Dry weather in northeast Louisiana during the early summer came to an end and drove participants indoors for the annual interagency rolling crop field tour held July 17 at the LSU AgCenter Northeast Research Station near St. Joseph.
“Although the rain canceled the field portion of the tour, all the speakers responded with presentations leading to questions and discussion relevant to emerging issues in the region,” said Dennis Burns, the AgCenter agent who coordinated the event.
The event drew more than 40 participants who heard from experts from the LSU AgCenter, U.S. Department of Agriculture Natural Resources Conservation Service and Farm Service Agency, Louisiana Department of Agriculture and Forestry, and Louisiana Department of Wildlife and Fisheries on common concerns faced by producers.
“The fifth annual rolling crop field tour is a regional interagency initiative that provides a vital opportunity for agency representatives who work together on a daily basis to receive updates on research and outreach programs and discuss how we can enhance our collaborations and better serve our clientele,” said AgCenter regional director Tara Smith.
“At the end of the day, we all want our clientele to be successful, whether it is through research, conservation or the financial support we provide,” said Craig McCain, FSA state director.
Issues with soybean damage attributed to the herbicide dicamba continue to surface as well as problems with off-target movement of the new rice herbicide Loyant, said Donnie Miller, AgCenter weed scientist and northeast station coordinator.
Research looking at the effects of dicamba indicates that plants are more tolerant at vegetative stages, depending on how badly plants were hit and how close to the reproductive stage they were when exposure occurred, Miller said. Rates as low as 1/1,024th of the normal rate have reduced yield 12 percent when applied at reproductive growth stages.
LDAF pesticide director Kevin Wofford said Loyant is taking center stage due to the devastating damage seen in affected soybeans.
“We came into this year anticipating dicamba being the deal, and before we had the first dicamba complaint, we had a Loyant complaint,” he said.
A total of 34 official herbicide-related complaints have been filed as of July 16, Woffard said. He estimates as much as 60 percent of soybean acreage potentially affected by drift or volatilization has not been reported.
Looking at over 20,000 documented acres, he said, the concern in the farming industry is that some soybeans continue to show worsening symptoms as much as six weeks after damage was first noted.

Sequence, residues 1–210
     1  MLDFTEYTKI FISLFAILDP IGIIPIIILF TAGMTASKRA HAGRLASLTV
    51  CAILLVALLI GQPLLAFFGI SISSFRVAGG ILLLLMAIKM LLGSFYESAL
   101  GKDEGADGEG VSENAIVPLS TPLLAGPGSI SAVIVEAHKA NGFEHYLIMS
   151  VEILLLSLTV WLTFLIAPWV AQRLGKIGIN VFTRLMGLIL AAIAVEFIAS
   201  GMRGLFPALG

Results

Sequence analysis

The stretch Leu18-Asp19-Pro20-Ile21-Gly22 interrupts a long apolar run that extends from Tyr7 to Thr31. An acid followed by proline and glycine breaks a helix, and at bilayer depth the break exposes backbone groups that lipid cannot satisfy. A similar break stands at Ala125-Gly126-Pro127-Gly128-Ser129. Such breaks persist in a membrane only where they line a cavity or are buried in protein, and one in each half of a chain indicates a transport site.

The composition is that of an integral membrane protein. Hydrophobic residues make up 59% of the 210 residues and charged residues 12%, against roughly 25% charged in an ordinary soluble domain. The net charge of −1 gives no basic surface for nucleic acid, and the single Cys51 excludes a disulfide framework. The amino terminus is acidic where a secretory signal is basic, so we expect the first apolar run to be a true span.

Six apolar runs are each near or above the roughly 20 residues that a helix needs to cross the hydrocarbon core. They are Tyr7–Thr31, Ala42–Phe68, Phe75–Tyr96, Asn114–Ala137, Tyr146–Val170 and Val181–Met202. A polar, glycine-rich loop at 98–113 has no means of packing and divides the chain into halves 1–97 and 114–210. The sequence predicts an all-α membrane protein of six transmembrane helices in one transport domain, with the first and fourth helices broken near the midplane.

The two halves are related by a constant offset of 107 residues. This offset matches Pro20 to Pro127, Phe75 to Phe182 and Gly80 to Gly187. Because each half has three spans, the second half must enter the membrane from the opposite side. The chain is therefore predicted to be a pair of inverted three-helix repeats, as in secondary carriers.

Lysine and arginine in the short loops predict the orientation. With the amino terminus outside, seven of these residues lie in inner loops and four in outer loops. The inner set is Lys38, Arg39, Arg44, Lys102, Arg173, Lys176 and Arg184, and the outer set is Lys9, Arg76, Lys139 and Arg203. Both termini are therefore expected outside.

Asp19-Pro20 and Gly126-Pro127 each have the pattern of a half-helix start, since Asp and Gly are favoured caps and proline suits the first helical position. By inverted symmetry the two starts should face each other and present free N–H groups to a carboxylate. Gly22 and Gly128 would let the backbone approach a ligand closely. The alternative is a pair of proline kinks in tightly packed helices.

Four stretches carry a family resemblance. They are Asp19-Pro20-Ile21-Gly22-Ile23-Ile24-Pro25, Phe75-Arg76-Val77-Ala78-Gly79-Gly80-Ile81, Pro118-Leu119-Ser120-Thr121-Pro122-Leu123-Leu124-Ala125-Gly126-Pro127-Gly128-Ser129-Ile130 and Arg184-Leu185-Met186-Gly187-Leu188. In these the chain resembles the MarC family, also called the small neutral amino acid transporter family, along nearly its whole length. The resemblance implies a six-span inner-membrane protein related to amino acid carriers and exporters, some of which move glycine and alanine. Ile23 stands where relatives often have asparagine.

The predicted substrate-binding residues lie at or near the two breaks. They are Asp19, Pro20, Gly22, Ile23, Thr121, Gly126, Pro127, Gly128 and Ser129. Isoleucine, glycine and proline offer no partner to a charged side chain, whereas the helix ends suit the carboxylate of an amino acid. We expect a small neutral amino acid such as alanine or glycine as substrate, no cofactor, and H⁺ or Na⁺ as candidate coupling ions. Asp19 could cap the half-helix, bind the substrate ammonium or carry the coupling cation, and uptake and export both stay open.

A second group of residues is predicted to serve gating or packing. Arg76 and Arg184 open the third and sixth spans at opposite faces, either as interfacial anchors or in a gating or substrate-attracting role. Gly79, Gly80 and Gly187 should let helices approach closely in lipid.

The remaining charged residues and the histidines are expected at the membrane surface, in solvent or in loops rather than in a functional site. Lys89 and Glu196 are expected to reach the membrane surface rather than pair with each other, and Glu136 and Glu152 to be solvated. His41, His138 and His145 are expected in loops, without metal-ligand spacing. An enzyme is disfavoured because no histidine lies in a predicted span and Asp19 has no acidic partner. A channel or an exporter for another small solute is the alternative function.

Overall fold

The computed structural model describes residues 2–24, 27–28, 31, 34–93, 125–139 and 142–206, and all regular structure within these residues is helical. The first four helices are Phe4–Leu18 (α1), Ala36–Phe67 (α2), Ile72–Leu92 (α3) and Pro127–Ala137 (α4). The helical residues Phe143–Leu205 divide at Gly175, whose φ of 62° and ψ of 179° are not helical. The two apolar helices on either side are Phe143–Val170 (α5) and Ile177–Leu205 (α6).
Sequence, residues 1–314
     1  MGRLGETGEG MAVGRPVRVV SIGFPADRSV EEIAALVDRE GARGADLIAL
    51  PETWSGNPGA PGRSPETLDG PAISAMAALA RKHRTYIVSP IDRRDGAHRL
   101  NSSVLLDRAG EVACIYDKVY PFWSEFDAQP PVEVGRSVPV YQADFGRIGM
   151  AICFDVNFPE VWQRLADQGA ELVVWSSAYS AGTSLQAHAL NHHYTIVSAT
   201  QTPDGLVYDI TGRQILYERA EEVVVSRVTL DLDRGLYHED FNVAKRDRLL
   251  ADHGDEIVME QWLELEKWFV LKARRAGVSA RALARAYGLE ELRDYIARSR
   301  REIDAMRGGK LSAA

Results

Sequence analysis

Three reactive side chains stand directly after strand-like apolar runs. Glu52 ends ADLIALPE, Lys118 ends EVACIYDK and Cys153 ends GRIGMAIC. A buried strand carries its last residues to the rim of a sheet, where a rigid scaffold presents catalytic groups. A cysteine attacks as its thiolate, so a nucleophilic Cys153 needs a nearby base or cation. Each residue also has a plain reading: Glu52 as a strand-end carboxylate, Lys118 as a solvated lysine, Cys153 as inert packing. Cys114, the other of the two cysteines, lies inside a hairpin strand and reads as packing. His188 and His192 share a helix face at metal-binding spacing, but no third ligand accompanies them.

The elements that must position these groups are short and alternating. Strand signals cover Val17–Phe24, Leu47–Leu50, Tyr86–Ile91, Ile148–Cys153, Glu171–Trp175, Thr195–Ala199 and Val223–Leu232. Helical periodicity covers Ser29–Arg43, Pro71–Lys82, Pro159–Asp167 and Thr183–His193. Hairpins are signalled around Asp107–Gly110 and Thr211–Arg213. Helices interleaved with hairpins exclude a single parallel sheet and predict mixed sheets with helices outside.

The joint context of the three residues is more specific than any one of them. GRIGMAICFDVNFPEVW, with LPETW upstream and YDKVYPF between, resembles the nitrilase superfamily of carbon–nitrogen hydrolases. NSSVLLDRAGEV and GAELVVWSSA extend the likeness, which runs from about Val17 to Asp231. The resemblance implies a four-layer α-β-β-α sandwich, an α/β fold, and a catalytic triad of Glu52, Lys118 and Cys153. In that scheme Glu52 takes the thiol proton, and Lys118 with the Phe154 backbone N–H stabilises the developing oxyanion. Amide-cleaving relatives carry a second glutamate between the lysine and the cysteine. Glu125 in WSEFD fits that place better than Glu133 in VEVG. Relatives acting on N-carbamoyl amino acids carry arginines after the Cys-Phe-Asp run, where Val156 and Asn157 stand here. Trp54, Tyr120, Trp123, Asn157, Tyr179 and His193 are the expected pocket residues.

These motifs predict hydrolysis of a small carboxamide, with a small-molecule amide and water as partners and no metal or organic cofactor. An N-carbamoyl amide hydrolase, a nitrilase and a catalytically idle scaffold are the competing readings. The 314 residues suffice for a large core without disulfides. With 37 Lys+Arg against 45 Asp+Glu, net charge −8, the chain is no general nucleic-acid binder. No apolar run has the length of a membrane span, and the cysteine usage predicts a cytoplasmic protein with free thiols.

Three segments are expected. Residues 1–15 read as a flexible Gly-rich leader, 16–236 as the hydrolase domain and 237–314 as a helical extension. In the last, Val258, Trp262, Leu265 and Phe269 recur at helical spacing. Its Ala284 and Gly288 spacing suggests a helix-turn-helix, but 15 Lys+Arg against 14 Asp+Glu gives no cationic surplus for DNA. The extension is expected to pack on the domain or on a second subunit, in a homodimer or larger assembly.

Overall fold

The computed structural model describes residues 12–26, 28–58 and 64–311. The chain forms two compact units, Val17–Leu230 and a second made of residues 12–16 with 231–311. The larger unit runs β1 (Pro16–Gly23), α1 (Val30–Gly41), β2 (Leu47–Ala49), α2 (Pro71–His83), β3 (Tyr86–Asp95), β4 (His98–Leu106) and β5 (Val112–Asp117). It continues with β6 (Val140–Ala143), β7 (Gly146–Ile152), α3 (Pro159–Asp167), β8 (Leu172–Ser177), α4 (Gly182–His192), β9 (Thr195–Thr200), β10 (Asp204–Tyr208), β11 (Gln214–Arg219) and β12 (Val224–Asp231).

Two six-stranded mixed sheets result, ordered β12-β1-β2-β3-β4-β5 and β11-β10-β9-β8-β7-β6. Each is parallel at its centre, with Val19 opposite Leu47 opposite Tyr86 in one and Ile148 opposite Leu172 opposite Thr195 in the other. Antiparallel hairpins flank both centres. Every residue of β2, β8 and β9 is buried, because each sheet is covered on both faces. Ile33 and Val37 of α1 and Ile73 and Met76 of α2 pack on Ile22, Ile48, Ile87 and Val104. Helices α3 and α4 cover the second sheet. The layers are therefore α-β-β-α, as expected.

“It is not going away,” he said, adding that problems with these chemicals should not dictate what growers can plant.
A team of AgCenter specialists presented a panel discussion on using wide rows versus narrow rows in soybeans, corn and cotton.
AgCenter soybean specialist Todd Spivey talked about variety selection, planting date, row spacing, seeding rates and environmental factors in achieving optimum canopy closure.
AgCenter plant pathologist Boyd Padgett examined disease management practices focusing on extended leaf wetness periods that may increase risk for fungal diseases like frog eye leaf spot, target spot and aerial leaf blight.
AgCenter entomologist Sebe Brown discussed the importance of following threshold recommendations and explained how sweeping methods may differ based on tighter row spaces where threshold may be reached more quickly.
AgCenter agronomist Dan Fromme discussed air flow and canopy temperature considerations with narrow-row cropping systems in corn and debated cost inputs and yield differences in skip row cotton.
AgCenter agronomist Josh Copes emphasized planting early to outrun weed pressure, using residual herbicides and changing modes of action to combat weed resistance.
Other presentations included:
- Copes reviewed ongoing cover crop research trials at several research stations across the state.
- AgCenter agent James Hendrix provided updates and recommendations on working with producers looking to plant cover crops.
- NRCS resource conservationist Terry Johnston discussed the Working Lands for Wildlife program, a new initiative targeting conservation efforts to improve agricultural and forest productivity while enhancing wildlife habitat on working landscapes.
- LDWF program manager David Breithaupt reviewed two options available for growers in selecting water-holding practices within shallow water habitat development management in the Environmental Quality Incentives Program (EQIP) process.
- AgCenter area wildlife and forestry agent Luke Stamper highlighted research on establishing warm-season deer forages and reviewed considerations for determining an effective nutritional plan based on deer density and nutritional needs of deer populations.
- Winter Quarters Hunting Club manager Justin Forsten gave an overview of on-site deer management efforts regarding food plot management at the club.